I don’t want your sympathy (and yet, I am thankful for it) and I wish I didn’t need your prayers.  Though I do want and need them.   I’m also bad at taking advice and being cared for.  I’m just not good at it.  Typical man, I suppose.

One of my biggest laments is that I cannot go (or should not, for fear of infection with a diminished immune system) to the hospital.  Last week, during chemo, someone connected to our church was in the hospital, and I couldn’t go.

I’m tired of vomiting.  I think my esophagus may agree.

Last night, one of our children had a meltdown.  The end of the school year is always hard.  The end of  the school year when you dad has been diagnosed with cancer and is undergoing chemo – well, that’s a different kind of hard.  One of the thing that I told this child, I realized I needed to hear too.  We talked about how our emotions (whether good or bad) in a moment  are real – very real.  But they are not the only true reality.  This moment is real, but it is not the only reality.  This – this is what I need to fight for emotionally and mentally.  There will be an end to this.  There will be a return to health, Lord willing.  And we are still a family that is clinging to God and Who, more importantly, will not let us go.  This moment is real, but it is not the only reality.

I Like: Shape Collage

I made the collage below in about 2 minutes, using the free Shape Collage program.  I like.


Fall + Veterans Day = Free Fun

Thanks to all who have and continue to keep us free!

Fall Fun

Beautiful fall day today…a little pumpkin carving – including E being disturbed by the inside of the pumpkin (thus, some of his facial contortions).  K did several faces for me (excited, frustrated, angry, confused).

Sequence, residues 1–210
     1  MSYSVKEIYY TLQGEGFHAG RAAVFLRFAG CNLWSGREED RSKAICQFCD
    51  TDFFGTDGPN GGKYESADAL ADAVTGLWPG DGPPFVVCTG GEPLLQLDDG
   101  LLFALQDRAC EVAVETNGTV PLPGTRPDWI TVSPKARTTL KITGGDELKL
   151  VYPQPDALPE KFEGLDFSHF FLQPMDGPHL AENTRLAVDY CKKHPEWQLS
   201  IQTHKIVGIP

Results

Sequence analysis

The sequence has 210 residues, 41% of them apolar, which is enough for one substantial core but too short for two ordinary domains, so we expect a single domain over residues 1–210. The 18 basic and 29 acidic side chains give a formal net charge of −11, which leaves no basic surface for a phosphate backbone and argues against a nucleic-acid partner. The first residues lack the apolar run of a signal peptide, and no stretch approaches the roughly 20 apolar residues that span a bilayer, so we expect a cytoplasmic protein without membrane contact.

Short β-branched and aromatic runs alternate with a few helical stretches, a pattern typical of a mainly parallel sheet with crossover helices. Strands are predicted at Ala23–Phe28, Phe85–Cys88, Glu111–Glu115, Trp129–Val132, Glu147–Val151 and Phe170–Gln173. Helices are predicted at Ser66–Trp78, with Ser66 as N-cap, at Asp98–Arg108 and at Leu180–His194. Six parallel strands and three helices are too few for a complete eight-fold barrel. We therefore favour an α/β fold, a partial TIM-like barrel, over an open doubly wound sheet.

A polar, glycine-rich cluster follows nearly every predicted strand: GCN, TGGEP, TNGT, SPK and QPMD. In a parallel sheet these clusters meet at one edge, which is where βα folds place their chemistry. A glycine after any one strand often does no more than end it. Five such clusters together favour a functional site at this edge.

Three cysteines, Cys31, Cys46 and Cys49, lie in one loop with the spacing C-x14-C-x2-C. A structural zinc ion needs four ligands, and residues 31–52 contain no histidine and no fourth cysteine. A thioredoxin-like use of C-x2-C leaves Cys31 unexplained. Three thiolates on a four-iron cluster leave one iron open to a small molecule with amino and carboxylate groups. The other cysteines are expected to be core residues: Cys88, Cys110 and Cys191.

Interesting Self-Portraits

In preparation for a Parent’s Open House, our children drew self-portraits of themselves.  Here are the results of this little art project.


E - left; K - right

I have to admit I was a little concerned about E’s self-image, until I heard that he was actually drawing himself as a particular Star Wars character (click here to see who).  With or without that knowledge, I suppose child-psychologists may have a field day with these.  One other note…the blue square in E’s mouth is his loose tooth.

Slice of Life: “don’t let him see this”

Context:  Last night.  My wife is out to dinner with some friends and E & K are having what we call “snuggle” time, but is really just a brief and hopefully quiet playtime for the kids before they are separated for bedtime.

This little episode starts with me hearing the sound of what might be a large bucket of legos being dumped out all over the floor in E’s room (we have hardwood floors).

Me:  Don’t make a mess (is there anything more ineffectual than yelling from another room not to make a mess, when you know good and well the mess has already happened?)

E & K:  No response

Twenty minutes later…E comes out to tell me that he needs to use the bathroom.  On his way to the bathroom he stops to give some instructions to K.  He, of course thinks he is being quiet and actually whispers:  Don’t let him see this!

Being the brilliant father that I am, I put the loud sound of legos together with E’s “whispered” instructions.  Now, you might think that I would go to investigate at that point, but no, I showed remarkable restraint and waited until E was back in his room.  I gently poked my head in the door to see my son surrounded by a thousand lego pieces scattered across the floor of his room (I don’t think this is hyperbole). 

E:  you weren’t suppose to see this.

Me: Ah, yes son, I know.  You’ll have to clean this up soon.

Later, I asked him what he was doing and he told me that he had been looking for particular pieces so that he could make a special helicopter gunship (he is a boy afterall).  And, to his credit, he cleaned up and talked his sister into helping – at least a little.  And yes, I helped some too.

New Definition of a Sports Car

This morning, while I was taking the kids to school, E (5 1/2 years old) suggested that the car in front of us was a sports car.  I found this curious as the car in question was a Volkswagen Bug (new style), but E was not thinking of the traditional definition of a sports car.  In fact, I was driving a sports car (a Hyundai Santa Fe)!  So here is the new definition of a sports car:  any car with a sticker for a sports team on it.   There are a lot of sports cars out on the road using this new criteria!

Bad Spidey! Bad!